Department - Author 1

Mechanical Engineering Department

Degree Name - Author 1

BS in Mechanical Engineering



Primary Advisor

Sarah Harding


The boundary layer data system (BLDS) is the result of a collaborative effort between Dr. Westphal, a researcher and instructor at Cal Poly, and Northrop Grumman. The BLDS is capable of measuring the boundary layer profile and characteristics of flow over aerodynamic surfaces and is intended for high altitude, high speed use. The instruments inside the BLDS malfunction at the low temperatures present when operating in flight at altitudes above 30,000 ft.

To solve this problem, analysis was done on the existing BLDS which determined the heating requirements, around 50 watts, needed to keep the internal temperature within the rated operating range for the electronic components. Different methods to provide heat were investigated and it was decided that the design would be a ducted axial turbine similar to a micro-ram air turbine (micro-RAT). This design was chosen due to the high potential for efficiency while reducing the weight and size of the turbine. The micro-RAT was designed around a high efficiency generator which was put through testing before the design was complete. The generator testing showed it was capable of producing 350 watts, seven times the specified requirements. A second test was also performed during the design phase to prove the concept of an axial turbine. A model airplane rotor was attached to the generator and run in the wind tunnel. The test was ended before a maximum output could be reached but the data collected proved the generator could perform at high speed and enough power was available in the wind to meet the design requirement. To design the rotor geometry, all parts were made in a rapid prototype machine and two sets of fifteen rotors were created, each with different adjustments made to the pitch, chord, and number of blades. The rotors were tested in the wind tunnel and the rotor with the best performance (projected power generation of 65W at operating conditions) was selected. The final design was then cast in Inconel 718.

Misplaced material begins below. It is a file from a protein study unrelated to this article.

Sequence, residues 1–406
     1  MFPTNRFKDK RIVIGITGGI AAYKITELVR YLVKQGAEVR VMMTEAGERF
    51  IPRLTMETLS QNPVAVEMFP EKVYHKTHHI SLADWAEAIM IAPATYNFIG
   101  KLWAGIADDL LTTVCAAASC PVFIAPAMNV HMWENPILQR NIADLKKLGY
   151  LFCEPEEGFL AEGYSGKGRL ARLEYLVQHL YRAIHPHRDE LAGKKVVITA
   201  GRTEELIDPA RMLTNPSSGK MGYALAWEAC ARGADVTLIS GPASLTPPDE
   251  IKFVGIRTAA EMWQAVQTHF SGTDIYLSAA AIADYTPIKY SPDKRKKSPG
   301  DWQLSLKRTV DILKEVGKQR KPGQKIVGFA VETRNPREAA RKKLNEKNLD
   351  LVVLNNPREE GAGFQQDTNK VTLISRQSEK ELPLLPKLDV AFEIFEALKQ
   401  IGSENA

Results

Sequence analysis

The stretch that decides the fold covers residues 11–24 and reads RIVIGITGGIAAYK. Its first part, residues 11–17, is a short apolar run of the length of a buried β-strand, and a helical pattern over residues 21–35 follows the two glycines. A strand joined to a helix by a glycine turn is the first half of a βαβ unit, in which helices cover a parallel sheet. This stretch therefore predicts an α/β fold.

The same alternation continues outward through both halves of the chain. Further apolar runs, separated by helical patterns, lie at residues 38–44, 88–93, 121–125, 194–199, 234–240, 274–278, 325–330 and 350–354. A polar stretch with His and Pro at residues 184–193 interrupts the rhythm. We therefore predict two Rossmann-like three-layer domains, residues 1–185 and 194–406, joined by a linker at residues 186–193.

The following report explains the entire design process in detail. It describes and defends the analysis methods chosen and explains the testing procedures and results.